For more severe cases, symptomatic treatment will be needed—your vet may prescribe medications or IV fluids depending on what symptoms your golden retriever is experiencing. Golden retrievers suffering from seizures may need to be monitored at the clinic overnight.
How to prevent your golden retriever from eating chocolate?
Chocolate is toxic for golden retrievers and even a small quantity of chocolate can be quite dangerous for your golden retriever. Here are 5 ways to prevent your golden retriever from eating chocolate:
1) Educate your family about the danger of chocolate in golden retrievers. If everyone knows that it’s harmful, they’ll be extra careful and won’t leave any chocolate out.
2) Store it where your golden retriever can’t reach. Make sure you store the chocolate somewhere high up or in a drawer where your golden retriever doesn’t know how to open.
3) Use a baby-gate to keep your golden retriever out of the kitchen and eating areas. This will allow you to have control over what your golden retriever eats and you can prevent any untoward incidents from happening.
4) Teach them the ‘’leave it’’ command. This command will help you teach your dog to not touch anything when you tell them to leave it alone!
5) Crate train them to ensure your golden retriever doesn’t eat any harmful items when you are not supervising your golden retriever. Make the crate comfortable and safe place for your golden retriever by offering toys, treats, or a bed for them to sleep in when you are not around.
What about doggy chocolate for golden retrievers?
Special doggy chocolate is fine for golden retrievers.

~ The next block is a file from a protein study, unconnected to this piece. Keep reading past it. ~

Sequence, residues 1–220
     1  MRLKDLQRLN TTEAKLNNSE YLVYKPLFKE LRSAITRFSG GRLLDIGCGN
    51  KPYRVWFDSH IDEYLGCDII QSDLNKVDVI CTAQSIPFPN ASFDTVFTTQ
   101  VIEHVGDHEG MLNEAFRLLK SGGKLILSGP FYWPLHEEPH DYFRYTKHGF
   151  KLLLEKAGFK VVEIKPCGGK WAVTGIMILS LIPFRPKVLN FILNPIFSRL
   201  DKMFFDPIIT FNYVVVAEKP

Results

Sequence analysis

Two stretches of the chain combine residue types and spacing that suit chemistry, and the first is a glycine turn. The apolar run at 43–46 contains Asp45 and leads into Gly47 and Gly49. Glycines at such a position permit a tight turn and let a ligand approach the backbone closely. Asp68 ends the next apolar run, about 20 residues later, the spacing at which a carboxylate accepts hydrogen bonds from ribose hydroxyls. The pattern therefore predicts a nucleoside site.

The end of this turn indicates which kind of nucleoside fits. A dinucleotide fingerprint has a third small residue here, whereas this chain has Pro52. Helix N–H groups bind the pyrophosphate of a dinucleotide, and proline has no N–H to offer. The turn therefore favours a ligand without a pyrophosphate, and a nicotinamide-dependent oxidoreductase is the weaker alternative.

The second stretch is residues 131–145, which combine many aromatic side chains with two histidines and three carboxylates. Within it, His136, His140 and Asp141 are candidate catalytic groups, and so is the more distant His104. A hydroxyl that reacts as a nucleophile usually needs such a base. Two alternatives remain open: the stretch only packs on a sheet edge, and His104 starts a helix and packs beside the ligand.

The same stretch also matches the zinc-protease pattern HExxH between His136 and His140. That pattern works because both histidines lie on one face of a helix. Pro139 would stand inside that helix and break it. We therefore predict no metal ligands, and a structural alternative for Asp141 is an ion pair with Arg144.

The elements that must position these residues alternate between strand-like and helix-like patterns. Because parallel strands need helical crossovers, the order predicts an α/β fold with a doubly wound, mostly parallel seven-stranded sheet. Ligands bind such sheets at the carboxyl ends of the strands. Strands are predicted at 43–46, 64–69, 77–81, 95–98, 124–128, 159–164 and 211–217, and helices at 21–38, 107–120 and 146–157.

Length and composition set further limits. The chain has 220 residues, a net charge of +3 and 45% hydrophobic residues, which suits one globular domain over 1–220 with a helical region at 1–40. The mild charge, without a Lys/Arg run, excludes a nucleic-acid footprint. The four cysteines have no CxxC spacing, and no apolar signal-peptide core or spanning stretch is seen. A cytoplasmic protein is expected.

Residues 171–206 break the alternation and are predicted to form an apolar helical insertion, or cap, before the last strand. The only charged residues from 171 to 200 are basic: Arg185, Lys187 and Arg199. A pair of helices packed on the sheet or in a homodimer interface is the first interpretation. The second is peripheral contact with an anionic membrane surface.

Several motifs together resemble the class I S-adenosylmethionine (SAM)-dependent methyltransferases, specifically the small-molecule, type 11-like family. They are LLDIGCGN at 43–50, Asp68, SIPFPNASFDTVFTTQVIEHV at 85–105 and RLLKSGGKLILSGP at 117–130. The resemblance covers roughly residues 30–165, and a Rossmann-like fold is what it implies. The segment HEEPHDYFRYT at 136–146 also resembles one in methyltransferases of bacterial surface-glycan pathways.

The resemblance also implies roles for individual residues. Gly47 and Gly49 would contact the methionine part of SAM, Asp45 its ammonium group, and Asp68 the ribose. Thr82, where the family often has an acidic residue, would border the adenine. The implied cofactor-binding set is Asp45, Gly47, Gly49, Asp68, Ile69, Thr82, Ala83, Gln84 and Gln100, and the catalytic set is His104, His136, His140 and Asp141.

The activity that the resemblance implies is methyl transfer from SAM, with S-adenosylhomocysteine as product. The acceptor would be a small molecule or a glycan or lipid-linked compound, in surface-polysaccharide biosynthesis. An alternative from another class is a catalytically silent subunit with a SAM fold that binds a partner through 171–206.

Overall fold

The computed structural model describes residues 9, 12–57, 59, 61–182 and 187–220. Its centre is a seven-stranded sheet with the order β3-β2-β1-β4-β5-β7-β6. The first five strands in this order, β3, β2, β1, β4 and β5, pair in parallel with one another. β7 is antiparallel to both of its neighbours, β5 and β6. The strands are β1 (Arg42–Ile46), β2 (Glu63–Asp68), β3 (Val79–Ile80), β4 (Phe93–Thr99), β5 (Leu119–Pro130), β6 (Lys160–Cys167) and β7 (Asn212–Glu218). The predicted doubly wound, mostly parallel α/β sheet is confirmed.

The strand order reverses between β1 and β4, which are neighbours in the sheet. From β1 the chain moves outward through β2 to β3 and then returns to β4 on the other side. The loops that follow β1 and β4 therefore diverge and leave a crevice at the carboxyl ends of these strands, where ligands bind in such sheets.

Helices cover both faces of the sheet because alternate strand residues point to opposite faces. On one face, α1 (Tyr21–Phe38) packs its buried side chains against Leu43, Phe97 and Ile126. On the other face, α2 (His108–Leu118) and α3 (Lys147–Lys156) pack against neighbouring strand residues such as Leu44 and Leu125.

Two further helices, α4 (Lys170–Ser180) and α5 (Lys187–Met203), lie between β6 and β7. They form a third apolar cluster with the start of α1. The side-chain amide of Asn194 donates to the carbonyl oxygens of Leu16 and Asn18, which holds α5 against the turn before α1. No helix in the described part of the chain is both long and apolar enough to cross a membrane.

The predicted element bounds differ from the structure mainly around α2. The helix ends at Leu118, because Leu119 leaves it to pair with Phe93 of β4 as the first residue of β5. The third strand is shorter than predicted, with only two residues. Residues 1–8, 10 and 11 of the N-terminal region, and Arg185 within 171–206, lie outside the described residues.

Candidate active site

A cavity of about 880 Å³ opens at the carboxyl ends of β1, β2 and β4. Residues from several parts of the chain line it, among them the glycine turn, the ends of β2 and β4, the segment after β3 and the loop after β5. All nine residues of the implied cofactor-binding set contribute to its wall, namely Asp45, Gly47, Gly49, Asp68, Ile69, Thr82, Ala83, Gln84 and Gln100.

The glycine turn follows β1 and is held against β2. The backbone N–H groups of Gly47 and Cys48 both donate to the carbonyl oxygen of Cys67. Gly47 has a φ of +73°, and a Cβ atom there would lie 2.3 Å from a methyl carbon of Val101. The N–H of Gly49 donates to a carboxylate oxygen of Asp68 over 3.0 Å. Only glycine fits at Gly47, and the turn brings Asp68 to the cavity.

They made these from carob, a plant that looks like cacao (the plant used to make regular chocolate) and has a similar flavor.
Carob products are safe for golden retrievers as they will not contain any harmful ingredients that can lead to toxicity in dogs. You can give these products as a treat to your dog as part of a healthy balanced diet, alongside other food items.
You can find carob-based chocolates in many pet stores, but it’s always good to check the ingredient list before making a purchase.
Find out if your golden retrievers can eat other treats
- Can golden retrievers eat bananas
- Can golden retrievers eat oranges
- Can golden retrievers eat cheese
- Can golden retrievers eat eggs
- Can golden retrievers eat pineapple
- Can golden retrievers eat raw meat
- Can golden retrievers eat strawberries
- Can golden retrievers eat apples
- Can golden retrievers eat blueberries
- Can golden retrievers eat watermelon
- Can golden retrievers eat grapes
- Can golden retrievers eat carrots
- Can golden retrievers eat tomatoes
- Can golden retrievers eat rice
- Can golden retrievers eat corn
So, can golden retrievers eat chocolate?
No, your golden retriever can’t eat chocolate. This is because chocolate contains theobromine which is toxic for your golden retriever.
Dogs cannot metabolize theobromine. This means that the chemical stays in their system for a longer time before it can be broken down and excreted. Because of this, dogs that eat chocolate can suffer from heart problems, seizures, or even death sometimes (especially if they ate a large amount of chocolate).
Symptoms of poisoning in dogs include: vomiting, diarrhea, lethargy, restlessness, increased thirst and urination, muscle tremors or seizures – all of which occur within hours after ingestion. If you think your dog has eaten any amount of chocolate, contact your vet immediately.